Szilard and Einstein now  wrote to President Roosevelt urging against the atomic bombing of Japanese cities. But Roosevelt died suddenly.  The new President Truman wasn’t interested – setting up scientific panels, and an ”Interim Committee” who would “play ball” with the military. The scientific panel was not called upon to decide whether the bomb should be used, but only how it should be used. In spite of seven of the scientists writing to the Secretary of War, opposing  use of the bomb, the Interim Committee (Oppenheimer, Fermi, Compton and Lawrence) recommended the bombing. Enrico Fermi commented “Don’t bother me with your conscientious scruples! After all, the thing is superb physics!”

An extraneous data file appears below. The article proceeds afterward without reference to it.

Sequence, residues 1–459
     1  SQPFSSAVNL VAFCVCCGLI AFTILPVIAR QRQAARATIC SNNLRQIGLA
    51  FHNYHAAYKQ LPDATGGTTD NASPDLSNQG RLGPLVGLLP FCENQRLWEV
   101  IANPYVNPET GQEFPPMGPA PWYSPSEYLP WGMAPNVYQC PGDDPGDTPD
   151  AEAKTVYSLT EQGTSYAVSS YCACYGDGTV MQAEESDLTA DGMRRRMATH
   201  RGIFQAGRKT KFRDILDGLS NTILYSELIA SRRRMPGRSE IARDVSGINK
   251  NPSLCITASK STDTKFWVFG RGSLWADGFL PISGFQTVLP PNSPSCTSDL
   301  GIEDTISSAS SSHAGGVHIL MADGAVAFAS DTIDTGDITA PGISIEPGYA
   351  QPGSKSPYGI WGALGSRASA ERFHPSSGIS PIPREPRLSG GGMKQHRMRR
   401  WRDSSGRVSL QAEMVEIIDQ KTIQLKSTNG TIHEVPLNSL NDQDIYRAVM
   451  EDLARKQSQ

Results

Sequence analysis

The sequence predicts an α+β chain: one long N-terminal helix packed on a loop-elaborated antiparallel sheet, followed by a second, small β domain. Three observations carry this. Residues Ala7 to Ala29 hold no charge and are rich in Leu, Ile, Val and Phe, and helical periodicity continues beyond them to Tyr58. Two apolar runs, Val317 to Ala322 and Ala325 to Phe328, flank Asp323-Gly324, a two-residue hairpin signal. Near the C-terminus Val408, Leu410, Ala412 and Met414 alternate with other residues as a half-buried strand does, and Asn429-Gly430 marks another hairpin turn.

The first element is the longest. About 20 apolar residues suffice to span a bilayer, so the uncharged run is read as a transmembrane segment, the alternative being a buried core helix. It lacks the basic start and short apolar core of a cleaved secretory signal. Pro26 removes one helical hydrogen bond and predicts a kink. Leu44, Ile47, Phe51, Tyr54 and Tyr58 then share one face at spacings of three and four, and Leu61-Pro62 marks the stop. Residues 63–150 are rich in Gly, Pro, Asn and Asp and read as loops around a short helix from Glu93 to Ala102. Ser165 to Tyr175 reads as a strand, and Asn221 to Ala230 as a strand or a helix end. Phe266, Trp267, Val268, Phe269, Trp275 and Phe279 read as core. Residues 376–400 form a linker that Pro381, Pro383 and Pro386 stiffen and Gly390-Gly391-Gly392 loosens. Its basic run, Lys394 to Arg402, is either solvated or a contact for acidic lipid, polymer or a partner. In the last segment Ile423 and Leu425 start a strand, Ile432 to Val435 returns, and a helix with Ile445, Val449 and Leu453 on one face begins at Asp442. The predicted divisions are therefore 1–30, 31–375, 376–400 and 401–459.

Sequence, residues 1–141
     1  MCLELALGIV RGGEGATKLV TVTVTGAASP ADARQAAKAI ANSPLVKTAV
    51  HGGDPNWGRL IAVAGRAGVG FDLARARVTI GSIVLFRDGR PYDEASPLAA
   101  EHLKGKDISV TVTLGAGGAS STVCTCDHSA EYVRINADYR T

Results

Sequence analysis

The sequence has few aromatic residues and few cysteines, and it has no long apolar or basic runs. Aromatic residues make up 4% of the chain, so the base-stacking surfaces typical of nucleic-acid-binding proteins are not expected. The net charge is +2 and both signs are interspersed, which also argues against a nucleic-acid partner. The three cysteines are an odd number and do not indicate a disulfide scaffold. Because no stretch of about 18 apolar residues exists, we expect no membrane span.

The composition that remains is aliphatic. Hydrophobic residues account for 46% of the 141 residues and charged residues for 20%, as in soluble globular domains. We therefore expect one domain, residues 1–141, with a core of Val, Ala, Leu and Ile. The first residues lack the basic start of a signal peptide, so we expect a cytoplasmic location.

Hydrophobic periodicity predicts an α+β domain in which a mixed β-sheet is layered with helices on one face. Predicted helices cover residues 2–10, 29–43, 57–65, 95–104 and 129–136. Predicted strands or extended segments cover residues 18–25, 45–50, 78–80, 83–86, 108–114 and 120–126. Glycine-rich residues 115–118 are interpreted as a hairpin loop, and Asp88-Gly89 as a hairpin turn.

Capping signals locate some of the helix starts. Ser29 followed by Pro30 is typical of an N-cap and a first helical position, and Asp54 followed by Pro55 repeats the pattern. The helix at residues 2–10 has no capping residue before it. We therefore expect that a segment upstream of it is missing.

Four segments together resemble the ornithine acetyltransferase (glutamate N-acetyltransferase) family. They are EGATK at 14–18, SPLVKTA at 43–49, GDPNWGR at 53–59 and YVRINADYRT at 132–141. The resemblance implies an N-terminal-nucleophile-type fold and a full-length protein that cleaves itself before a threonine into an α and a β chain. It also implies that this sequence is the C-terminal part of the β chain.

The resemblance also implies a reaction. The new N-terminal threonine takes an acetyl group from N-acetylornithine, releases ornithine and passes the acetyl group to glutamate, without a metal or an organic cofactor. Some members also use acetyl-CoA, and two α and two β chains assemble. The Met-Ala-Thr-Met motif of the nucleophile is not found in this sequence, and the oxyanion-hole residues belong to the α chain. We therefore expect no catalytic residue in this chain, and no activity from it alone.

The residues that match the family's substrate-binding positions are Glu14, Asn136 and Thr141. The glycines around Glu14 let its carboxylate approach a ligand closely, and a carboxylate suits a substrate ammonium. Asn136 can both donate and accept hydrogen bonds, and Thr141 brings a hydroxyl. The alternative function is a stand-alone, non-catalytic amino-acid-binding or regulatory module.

The outcome of the discussion was a victory for General Groves. The Committee recommended that: 1, the bomb should be used against Japan; 2, it should be used on both military and civil targets; 3, it should be used "without prior warning of the nature of the weapon". When the news of these recommendations leaked out, a counter committee was formed at Chicago University to fight these proposals, and they issued a memorandum urging the Government merely to demonstrate the weapon on a barren island.

This appeal was forwarded to the scientific panel of the "Interim Committee" and once more they evaded their responsibilities. "We said", states Oppenheimer, "that we didn't think that being scientists especially qualified us as to how to answer this question of how the bombs should be used or not". Oppenheimer explained later that his  Interim Committee’s  recommendation was “a technical opinion”.